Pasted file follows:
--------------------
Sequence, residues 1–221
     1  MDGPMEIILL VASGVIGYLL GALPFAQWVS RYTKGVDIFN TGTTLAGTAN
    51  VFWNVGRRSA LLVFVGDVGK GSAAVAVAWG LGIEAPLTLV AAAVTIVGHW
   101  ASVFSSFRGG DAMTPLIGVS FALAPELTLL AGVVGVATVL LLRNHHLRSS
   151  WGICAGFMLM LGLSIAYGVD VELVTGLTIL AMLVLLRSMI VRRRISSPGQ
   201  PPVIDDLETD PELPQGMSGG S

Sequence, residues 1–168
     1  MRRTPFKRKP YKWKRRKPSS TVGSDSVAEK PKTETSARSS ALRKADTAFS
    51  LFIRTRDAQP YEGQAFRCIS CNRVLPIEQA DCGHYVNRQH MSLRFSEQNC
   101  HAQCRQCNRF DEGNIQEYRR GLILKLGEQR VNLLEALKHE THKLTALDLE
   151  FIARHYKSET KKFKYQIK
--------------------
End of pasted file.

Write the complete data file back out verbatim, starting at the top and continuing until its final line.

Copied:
Sequence, residues 1–221
     1  MDGPMEIILL VASGVIGYLL GALPFAQWVS RYTKGVDIFN TGTTLAGTAN
    51  VFWNVGRRSA LLVFVGDVGK GSAAVAVAWG LGIEAPLTLV AAAVTIVGHW
   101  ASVFSSFRGG DAMTPLIGVS FALAPELTLL AGVVGVATVL LLRNHHLRSS
   151  WGICAGFMLM LGLSIAYGVD VELVTGLTIL AMLVLLRSMI VRRRISSPGQ
   201  PPVIDDLETD PELPQGMSGG S

Sequence, residues 1–168
     1  MRRTPFKRKP YKWKRRKPSS TVGSDSVAEK PKTETSARSS ALRKADTAFS
    51  LFIRTRDAQP YEGQAFRCIS CNRVLPIEQA DCGHYVNRQH MSLRFSEQNC
   101  HAQCRQCNRF DEGNIQEYRR GLILKLGEQR VNLLEALKHE THKLTALDLE
   151  FIARHYKSET KKFKYQIK